The Sapienza University of Rome

The Sapienza University of Rome is a research university that is located in Rome, Italy. Formally known as Università degli Studi di Roma “La Sapienza”, it is one of the largest European universities by enrollments and one of the oldest in history, founded in 1303. The University is one of the most prestigious Italian universities and in the world, commonly ranking first in national rankings and in Southern Europe. In 2018 it ranked first in the world for classics and ancient history.

Most of the Italian ruling class studied at Sapienza. Sapienza educated numerous notable alumni, including many Nobel laureates, Presidents of the European Parliament and European Commissioners, heads of several nations, notable religious figures, scientists and astronauts. In September 2018, it was included in the top 100 of the QS World University Rankings Graduate Employability Ranking.

Sapienza University of Rome was founded in 1303 with the Papal bull In Supremae praeminentia Dignitatis, issued on 20 April 1303 by Pope Boniface VIII, as a Studium for ecclesiastical studies more under his control than the universities of Bologna and Padua, making it the first pontifical university. In 1431 Pope Eugene IV completely reorganized the studium with the bull In supremae, in which he granted masters and students alike the broadest possible privileges and decreed that the university should include the four schools of Law, Medicine, Philosophy and Theology. He introduced a new tax on wine to raise funds for the university; the money was used to buy a palace which later housed the Sant’Ivo alla Sapienza church.

However, the University’s days of splendour came to an end during the sack of Rome in 1527, when the studium was closed and the professors dispersed, and some were killed. Pope Paul III restored the university shortly after his ascension to the pontificate in 1534. In the 1650s the university became known as Sapienza, meaning wisdom, a title it retains. In 1703, Pope Clement XI purchased some land with his private funds on the Janiculum, where he made a botanical garden, which soon became the most celebrated in Europe through the labours of the Trionfetti brothers. The first complete history of the Sapienza University was written in 1803–1806 by Filippo Maria Renazzi.

University students were newly animated during the 19th-century Italian revival. In 1870, La Sapienza stopped being the papal university and became the university of the capital of Italy. In 1935 the new university campus, planned by Marcello Piacentini, was completed. On 15 January 2008 the Vatican cancelled a planned visit to La Sapienza University by Pope Benedict XVI who was to speak at the university ceremony launching the 2008 academic year due to protests by some students and professors. The title of the speech would have been ‘The Truth Makes Us Good and Goodness is Truth’. Some students and professors protested in reaction to a 1990 speech that Pope Benedict XVI (then Cardinal Joseph Ratzinger) gave in which he, in their opinion, endorsed the actions of the church against Galileo in 1633.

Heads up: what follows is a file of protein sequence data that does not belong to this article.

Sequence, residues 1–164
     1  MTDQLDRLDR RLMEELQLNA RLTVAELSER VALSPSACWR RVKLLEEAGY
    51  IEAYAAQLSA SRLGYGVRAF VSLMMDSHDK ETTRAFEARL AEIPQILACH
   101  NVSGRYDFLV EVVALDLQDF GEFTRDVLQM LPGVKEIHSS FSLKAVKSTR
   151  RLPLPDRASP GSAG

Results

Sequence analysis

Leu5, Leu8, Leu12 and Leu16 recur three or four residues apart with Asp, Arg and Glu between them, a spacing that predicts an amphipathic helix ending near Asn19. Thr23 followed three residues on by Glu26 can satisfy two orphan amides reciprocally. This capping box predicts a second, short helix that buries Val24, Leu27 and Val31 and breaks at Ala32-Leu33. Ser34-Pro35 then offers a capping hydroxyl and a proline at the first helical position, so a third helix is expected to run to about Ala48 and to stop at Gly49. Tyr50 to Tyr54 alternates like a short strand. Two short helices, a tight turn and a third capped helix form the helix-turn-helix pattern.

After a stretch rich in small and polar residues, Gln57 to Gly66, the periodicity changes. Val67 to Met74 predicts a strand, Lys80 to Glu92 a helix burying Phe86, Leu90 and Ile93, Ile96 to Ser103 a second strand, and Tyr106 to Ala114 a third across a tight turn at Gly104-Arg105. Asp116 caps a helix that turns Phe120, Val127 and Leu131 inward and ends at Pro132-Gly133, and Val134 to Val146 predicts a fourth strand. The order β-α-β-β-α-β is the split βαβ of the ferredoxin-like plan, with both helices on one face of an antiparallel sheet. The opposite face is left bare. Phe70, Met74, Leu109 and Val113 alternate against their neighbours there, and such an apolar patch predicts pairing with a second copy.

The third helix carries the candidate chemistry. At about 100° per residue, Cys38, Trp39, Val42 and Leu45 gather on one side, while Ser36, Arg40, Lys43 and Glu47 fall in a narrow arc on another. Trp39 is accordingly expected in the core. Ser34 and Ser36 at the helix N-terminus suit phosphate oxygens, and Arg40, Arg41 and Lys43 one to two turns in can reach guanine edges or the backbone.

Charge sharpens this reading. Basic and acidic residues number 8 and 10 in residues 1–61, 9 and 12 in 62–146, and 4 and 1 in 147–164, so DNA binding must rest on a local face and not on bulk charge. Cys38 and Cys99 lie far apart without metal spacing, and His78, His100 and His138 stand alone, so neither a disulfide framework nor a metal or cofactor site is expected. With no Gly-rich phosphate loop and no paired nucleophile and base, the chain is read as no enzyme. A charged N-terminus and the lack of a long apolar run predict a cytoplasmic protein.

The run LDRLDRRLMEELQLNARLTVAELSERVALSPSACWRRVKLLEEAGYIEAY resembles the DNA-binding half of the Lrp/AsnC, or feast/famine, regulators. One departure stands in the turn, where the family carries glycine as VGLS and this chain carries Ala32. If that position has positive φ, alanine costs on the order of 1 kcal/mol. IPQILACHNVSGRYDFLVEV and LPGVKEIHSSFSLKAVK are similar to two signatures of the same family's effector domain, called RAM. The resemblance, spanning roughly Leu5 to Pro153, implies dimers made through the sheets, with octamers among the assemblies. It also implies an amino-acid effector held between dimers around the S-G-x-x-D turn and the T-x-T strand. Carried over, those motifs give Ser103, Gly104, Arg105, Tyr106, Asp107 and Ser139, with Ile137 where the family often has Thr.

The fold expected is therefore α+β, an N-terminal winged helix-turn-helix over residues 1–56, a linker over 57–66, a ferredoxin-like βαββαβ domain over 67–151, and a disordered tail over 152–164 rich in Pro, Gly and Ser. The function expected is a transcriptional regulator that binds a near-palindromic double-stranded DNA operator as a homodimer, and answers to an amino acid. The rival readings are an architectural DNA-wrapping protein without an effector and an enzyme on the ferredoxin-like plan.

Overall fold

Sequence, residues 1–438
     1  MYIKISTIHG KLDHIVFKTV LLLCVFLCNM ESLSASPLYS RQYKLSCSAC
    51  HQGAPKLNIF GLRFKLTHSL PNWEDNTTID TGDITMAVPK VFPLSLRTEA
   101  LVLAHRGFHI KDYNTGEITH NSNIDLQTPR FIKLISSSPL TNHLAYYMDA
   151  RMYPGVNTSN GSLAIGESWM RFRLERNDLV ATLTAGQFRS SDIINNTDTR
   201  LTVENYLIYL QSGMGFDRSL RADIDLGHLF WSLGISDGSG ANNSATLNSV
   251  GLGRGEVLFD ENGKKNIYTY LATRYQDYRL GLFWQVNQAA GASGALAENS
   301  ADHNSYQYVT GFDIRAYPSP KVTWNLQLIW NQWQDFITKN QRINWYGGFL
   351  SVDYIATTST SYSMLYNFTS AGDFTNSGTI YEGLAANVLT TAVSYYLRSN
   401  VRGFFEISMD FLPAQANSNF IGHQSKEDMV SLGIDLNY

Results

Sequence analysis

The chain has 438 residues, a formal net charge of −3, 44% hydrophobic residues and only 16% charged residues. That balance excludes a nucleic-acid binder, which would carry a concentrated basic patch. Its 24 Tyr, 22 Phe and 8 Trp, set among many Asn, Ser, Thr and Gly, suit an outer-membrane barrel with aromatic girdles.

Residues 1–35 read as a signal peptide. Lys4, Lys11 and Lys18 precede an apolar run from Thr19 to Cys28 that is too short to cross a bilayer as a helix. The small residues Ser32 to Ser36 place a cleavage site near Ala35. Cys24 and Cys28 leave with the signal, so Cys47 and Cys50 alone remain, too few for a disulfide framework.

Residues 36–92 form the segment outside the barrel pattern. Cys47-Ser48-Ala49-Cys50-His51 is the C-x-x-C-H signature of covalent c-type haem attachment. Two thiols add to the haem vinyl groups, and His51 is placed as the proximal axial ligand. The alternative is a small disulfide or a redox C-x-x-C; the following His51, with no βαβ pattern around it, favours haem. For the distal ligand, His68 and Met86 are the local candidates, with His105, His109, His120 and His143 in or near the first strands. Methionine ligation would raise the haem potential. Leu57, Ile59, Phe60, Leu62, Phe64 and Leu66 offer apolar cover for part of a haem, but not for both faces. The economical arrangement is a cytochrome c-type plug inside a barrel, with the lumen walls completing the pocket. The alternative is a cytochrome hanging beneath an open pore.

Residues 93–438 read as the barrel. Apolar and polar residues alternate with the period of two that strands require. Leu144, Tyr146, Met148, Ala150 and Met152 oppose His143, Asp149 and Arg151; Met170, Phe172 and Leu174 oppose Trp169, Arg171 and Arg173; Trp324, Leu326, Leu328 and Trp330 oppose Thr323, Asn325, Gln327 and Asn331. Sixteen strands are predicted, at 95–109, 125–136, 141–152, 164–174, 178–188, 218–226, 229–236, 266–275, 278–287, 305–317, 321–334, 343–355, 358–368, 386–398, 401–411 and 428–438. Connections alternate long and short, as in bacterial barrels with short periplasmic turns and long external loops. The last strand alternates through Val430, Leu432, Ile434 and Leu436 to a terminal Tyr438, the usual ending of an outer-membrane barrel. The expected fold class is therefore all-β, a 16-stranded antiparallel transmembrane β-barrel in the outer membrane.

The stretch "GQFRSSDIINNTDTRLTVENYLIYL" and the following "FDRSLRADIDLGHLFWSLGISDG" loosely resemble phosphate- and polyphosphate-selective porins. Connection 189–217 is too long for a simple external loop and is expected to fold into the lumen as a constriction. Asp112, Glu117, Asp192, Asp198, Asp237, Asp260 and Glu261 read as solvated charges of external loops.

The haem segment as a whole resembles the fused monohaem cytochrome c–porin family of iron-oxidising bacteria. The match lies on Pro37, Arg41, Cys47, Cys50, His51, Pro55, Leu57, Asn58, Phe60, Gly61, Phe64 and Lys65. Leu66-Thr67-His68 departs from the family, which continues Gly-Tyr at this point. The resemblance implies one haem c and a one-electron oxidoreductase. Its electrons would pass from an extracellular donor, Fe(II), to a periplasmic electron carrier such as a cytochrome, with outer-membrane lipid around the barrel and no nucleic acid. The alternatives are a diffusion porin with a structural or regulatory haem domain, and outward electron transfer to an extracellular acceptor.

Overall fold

Sapienza University has many campuses in Rome, but its main campus is the Città Universitaria (University city), which covers 44 ha (110 acres) near the Roma Tiburtina Station. The university has satellite campuses outside Rome, the main one of which is in Latina. In 2011 a project was launched to build a campus with residence halls near Pietralata station, in collaboration with the Lazio region.[16] To cope with the ever-increasing number of applicants, the Rector also approved a new plan to expand the Città Universitaria, reallocate offices and enlarge faculties, as well as create new campuses for hosting local and foreign students. The Alessandrina University Library (Biblioteca Universitaria Alessandrina), built in 1667 by Pope Alexander VII, is the main library housing 1.5 million volumes; it has some important collections including collezione ciceroniana and Fondo Festa.

The Sapienza Strategic Plan describes the development objectives set by the university. Sapienza University has published a Strategic Plan since 2007. The first Strategic Plan 2007-2012 provided an opportunity to define the mission, vision and values of Sapienza University. The second report for 2012-2015 reinterpreted the strategic role of the university, especially in terms of the new regulations and the internal re-organisation. The Strategic Plan for 2016-21 was produced at a time of prolonged economic crisis with the consequent reduction in public university funding. Therefore, even more than before, it represents a fundamental tool to invest in the future and an opportunity to redefine university strategies: education, research, internationalisation and the right to study. 

Source: The Sapienza University of Rome

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European Higher Education Organization is a public organization carrying out academic, educational and information activities on higher education in Europe.

The EHEO general plan stresses that:

  • Higher education systems require adequate funding and, as an investment in economic growth, public spending in higher education should be protected.
  • The challenges faced by higher education require more flexible governance and funding systems, which balance greater autonomy for education institutions with accountability to stakeholders.

Thus, EHEO plans:

  • improve academic and scientific interaction of universities;
  • protect the interests of universities;
  • interact more closely with public authorities of European countries;
  • popularize European higher education in the world;
  • develop academic mobility;
  • seek funding for European universities.